As the chiefs of staff gathered in London, the Foreign Secretary, Malcolm Rifkind, said Britain was "very willing" to consider any realistic military proposals. "We need political leadership, but also we need to take account of professional military judgement. It is the combination of the two which we are working on," he told BBC radio.
Admiral Jacques Lanxade, the French chief of staff, was outlining an initiative to reinforce the remaining "safe havens" to his British and American counterparts, Field Marshal Sir Peter Inge and General John Shalikashvili. A French official said that they were likely to agree a plan to reinforce Gorazde and to open up a supply route to Sarajevo.
Paul Beaver, editor of the Jane's defence publications, said the plan was likely to involve the use of US air-power and European troops. But the generals could only agree to a plan - they could not enforce it. "It's going to have to be the politicians."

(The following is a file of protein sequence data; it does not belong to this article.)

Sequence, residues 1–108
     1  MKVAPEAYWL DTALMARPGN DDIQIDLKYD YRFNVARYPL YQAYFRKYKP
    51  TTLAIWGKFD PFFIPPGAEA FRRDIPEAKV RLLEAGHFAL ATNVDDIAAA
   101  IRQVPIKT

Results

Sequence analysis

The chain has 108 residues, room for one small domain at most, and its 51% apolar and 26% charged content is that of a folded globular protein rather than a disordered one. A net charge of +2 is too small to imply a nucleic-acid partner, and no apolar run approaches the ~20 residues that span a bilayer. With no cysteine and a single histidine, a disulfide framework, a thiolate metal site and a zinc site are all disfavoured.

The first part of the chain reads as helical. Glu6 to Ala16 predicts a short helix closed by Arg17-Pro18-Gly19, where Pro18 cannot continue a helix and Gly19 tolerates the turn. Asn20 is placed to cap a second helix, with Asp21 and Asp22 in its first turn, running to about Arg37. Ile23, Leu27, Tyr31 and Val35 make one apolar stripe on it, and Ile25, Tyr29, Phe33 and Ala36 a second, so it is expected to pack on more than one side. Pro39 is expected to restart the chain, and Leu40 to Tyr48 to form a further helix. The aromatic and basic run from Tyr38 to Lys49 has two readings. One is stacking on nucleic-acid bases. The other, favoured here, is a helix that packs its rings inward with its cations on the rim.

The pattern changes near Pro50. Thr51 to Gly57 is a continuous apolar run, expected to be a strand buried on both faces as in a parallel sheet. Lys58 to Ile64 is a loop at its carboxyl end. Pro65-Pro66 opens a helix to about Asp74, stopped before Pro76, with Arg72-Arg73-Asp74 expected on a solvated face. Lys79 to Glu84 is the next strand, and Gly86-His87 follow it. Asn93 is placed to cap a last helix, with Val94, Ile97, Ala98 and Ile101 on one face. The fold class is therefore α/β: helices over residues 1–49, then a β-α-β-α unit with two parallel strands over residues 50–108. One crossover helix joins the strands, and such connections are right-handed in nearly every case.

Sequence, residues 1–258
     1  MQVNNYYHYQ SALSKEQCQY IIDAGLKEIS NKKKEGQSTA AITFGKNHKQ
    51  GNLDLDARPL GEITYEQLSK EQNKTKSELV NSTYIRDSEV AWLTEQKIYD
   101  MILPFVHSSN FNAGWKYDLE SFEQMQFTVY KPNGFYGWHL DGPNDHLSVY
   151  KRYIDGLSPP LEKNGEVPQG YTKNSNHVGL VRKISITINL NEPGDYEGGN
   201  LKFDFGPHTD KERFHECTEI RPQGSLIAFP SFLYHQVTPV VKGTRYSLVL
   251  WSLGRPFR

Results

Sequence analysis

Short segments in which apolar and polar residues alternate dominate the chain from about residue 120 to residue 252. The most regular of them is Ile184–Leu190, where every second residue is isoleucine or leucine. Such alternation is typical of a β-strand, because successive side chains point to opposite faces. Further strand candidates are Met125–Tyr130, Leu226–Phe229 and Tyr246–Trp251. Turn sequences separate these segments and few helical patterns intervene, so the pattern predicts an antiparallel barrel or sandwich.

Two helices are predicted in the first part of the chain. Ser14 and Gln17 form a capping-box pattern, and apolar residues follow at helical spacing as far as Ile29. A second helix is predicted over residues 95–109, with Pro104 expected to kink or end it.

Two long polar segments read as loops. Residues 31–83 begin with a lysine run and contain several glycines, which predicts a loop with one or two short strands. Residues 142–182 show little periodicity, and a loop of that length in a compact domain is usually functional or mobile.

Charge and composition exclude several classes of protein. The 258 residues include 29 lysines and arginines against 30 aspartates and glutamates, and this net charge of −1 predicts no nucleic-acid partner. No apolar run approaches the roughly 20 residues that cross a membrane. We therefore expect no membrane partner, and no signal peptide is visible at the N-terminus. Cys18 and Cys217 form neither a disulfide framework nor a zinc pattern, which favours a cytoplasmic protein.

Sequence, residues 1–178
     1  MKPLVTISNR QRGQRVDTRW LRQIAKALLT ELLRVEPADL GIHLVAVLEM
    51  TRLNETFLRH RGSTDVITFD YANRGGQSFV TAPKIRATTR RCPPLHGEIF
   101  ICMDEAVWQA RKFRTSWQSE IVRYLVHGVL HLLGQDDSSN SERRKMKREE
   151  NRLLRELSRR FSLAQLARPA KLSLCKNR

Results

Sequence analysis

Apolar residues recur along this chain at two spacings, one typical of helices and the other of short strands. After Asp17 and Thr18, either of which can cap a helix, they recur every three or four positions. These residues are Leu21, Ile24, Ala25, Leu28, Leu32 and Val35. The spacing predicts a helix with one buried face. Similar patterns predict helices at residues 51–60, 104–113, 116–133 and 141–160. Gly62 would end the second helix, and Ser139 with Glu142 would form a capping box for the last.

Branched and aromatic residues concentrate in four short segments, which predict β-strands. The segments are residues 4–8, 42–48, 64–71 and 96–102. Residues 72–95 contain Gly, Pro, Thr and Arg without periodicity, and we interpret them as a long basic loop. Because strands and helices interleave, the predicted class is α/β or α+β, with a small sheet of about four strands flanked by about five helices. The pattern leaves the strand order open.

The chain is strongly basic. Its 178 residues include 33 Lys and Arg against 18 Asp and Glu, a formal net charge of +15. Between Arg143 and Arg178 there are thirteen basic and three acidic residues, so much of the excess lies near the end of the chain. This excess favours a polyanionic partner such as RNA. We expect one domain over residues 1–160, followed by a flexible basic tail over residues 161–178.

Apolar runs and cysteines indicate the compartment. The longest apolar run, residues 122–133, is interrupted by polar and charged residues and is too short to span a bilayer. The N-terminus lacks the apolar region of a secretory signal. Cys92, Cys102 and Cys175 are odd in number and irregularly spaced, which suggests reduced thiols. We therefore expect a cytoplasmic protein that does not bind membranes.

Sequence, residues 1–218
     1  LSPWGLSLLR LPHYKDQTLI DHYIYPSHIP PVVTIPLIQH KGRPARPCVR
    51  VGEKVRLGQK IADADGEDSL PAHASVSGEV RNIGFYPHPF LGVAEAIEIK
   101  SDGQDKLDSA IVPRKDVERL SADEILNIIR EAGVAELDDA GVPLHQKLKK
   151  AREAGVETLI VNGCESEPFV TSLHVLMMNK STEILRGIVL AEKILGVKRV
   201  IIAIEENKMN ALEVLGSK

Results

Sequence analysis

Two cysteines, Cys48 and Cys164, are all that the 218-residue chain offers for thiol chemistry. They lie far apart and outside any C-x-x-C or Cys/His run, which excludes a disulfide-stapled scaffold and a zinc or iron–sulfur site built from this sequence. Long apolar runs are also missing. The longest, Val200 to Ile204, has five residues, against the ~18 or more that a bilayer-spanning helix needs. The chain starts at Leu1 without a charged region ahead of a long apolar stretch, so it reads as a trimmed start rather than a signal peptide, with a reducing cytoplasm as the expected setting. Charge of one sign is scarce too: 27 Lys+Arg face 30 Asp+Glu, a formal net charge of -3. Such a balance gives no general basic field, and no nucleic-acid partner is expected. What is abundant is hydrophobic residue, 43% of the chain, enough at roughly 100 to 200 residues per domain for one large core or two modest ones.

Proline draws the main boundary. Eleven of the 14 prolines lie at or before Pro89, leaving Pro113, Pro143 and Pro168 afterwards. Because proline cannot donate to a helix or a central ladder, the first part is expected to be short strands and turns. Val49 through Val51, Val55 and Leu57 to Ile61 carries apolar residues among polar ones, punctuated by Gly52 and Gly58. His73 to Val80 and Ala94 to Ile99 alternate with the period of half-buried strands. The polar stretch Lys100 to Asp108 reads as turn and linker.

Some reports said plans to be presented at the meeting in the Ministry of Defence in Whitehall could involve using US Apache or Cobra attack helicopters and Sea Stallion heavy-lift helicopters.
Mr Rifkind said the allies were looking at military options concerning the supply of Sarajevo, the fate of Gorazde and the future of the protection forces. Downing Street said the defence chiefs were expected to report back early this morning.
Earlier, a UN spokesman in Sarajevo said Serb infantry supported by tanks and heavy mortars were within a mile of Zepa. Nato aircraft flew overhead but could do nothing to help the small Ukrainian UN force. The Serbs overran three Ukrainian UN observation posts round Zepa. The Serb forces captured the enclave of Srebrenica last Tuesday, forcing most of its 40,000 people to flee
The Bosnian Serb leader, Radovan Karadzic, told the Spanish newspaper El Pais that the concept of UN "safe areas" in Bosnia was untenable. "The Muslim enclaves in Bosnia are no longer viable and have to disappear. If not we will take them by force," he said.Reuse content